"Buffered Bike lanes would be added in both directions through lane narrowing and elimination of parking on the majority of the segment."
See. No mention of reducing lanes. The NB right turn lanes would be eliminated "in their current form" BUT replaced.

My mistake in my previous past was that NB vehicle though lanes south of Ravenswood would be increased from 2 to 3, which is obviously a 50% increase (by your math), not 33%. And definitely not a decrease.

Seriously, I cant believe you are sticking with this.

If you want to discuss RELATIVE safety of biking on ECR vs alternative paths, that's a debate. If you want to discuss whether bikes belong at all on a state highway that runs right through the middle of our town, and every town on the peninsula, that's a debate. But Alternative 2 does NOT DECREASE existing vehicle lanes. It just doesn't.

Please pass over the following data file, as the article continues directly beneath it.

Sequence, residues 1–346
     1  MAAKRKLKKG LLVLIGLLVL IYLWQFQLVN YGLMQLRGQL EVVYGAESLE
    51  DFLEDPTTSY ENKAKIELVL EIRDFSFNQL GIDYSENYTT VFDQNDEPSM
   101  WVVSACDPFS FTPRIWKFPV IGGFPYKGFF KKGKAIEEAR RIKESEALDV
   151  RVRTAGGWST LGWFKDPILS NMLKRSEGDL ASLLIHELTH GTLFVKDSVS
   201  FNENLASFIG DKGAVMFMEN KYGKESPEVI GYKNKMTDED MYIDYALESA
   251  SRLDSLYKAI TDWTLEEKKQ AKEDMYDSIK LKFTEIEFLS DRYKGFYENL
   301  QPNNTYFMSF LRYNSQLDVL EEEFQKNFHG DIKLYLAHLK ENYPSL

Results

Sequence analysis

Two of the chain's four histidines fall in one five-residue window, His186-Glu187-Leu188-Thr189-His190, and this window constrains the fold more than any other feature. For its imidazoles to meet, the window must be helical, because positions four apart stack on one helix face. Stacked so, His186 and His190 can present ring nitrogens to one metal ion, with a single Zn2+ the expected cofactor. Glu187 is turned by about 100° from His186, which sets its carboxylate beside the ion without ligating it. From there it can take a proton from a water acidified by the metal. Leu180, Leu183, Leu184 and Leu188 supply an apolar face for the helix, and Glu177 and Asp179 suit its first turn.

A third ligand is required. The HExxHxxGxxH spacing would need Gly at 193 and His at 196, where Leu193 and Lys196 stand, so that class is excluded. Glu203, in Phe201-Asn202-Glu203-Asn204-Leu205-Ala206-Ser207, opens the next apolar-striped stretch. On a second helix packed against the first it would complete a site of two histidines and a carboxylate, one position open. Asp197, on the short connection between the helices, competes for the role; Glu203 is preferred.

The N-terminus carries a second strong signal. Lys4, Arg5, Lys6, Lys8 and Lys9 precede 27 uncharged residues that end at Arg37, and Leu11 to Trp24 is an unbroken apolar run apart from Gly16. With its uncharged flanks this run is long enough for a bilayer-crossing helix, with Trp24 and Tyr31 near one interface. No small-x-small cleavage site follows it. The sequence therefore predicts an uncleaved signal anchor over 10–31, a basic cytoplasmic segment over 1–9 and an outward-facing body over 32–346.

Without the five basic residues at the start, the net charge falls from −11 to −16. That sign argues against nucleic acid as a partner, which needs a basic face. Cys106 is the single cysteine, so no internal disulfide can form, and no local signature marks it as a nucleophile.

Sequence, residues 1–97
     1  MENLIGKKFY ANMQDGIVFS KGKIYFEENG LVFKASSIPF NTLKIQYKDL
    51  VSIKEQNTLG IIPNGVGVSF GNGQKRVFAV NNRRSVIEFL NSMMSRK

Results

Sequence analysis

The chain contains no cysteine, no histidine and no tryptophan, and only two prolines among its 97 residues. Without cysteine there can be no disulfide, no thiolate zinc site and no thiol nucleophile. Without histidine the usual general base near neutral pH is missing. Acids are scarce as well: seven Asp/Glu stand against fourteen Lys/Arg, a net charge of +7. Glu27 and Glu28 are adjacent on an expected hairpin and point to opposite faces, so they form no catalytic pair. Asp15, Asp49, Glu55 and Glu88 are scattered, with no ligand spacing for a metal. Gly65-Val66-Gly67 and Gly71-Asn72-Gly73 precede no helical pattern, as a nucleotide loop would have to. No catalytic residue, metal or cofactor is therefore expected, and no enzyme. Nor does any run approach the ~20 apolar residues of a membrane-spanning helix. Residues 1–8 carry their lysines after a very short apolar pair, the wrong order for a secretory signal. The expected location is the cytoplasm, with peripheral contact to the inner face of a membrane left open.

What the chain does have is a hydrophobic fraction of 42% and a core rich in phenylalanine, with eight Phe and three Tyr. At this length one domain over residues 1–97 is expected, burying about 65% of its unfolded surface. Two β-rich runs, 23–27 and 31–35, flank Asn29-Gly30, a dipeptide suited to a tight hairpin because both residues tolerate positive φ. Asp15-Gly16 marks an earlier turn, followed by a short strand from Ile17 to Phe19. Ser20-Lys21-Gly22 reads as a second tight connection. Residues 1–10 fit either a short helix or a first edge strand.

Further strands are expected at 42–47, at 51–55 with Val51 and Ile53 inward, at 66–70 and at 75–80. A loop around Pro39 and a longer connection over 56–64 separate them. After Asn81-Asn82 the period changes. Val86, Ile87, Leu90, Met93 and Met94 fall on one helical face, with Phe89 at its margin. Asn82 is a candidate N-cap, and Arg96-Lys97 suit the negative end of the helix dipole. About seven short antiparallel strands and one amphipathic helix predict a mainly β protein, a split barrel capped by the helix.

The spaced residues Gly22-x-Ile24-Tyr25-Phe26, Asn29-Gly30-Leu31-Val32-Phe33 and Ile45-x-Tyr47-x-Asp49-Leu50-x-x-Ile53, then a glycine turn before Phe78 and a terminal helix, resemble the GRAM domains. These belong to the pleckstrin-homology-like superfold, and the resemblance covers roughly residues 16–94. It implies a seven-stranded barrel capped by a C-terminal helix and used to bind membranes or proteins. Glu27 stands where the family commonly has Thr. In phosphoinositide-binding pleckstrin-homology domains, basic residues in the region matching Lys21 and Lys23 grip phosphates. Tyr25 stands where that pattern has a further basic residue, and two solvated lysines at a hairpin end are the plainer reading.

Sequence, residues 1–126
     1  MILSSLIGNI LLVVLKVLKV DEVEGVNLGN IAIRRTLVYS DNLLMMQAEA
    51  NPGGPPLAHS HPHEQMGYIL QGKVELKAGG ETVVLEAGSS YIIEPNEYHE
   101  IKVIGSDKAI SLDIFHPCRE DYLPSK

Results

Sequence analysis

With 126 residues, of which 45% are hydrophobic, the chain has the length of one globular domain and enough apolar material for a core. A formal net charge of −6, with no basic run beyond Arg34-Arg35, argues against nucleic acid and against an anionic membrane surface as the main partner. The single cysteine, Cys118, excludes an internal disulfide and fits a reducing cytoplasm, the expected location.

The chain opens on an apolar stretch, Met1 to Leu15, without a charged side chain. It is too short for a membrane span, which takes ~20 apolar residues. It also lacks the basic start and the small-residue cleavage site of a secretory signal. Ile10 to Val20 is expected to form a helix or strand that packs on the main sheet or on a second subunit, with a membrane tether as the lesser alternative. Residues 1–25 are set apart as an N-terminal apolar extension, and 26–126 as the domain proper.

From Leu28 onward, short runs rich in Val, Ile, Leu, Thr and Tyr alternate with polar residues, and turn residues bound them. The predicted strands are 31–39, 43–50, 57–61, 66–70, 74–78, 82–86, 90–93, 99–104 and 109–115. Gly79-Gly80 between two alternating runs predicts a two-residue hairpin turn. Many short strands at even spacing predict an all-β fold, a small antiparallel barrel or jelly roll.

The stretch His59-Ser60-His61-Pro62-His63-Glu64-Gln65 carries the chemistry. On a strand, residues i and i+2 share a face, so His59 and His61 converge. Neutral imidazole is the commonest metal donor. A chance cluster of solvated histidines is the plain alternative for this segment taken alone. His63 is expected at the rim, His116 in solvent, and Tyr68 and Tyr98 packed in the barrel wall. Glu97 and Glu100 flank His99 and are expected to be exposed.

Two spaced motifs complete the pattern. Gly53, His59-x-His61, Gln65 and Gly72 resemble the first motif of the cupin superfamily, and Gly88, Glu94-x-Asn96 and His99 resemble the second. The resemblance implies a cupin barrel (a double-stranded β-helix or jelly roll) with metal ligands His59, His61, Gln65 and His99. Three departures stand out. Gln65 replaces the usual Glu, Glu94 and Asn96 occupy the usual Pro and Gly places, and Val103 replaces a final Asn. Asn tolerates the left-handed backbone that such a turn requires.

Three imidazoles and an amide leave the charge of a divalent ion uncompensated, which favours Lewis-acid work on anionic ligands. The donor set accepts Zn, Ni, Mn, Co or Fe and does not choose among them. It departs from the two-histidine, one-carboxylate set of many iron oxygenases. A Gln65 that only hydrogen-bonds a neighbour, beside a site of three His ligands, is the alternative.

Like this comment
Posted by Dana Hendrickson
a resident of Menlo Park: Central Menlo Park
on Apr 4, 2015 at 4:13 pm

Joe, you are actually right about there NOT being vehicle lane reductions on either Alternative 2 or 3. I have been trying to get a clear answer for several weeks after pointing out the confusion created by the report slides and aerial illustrations that were sent to me by the Transportation Department. After I pointed out errors in the illustrations that showed lane reductions they agreed this past week to correct them. So I was misled by confusing slides and incorrect illustrations. I have updated the information on my website at Web Link

This does not in any way change my belief that bike lanes would negatively impact of vehicle, pedestrian and cyclist safety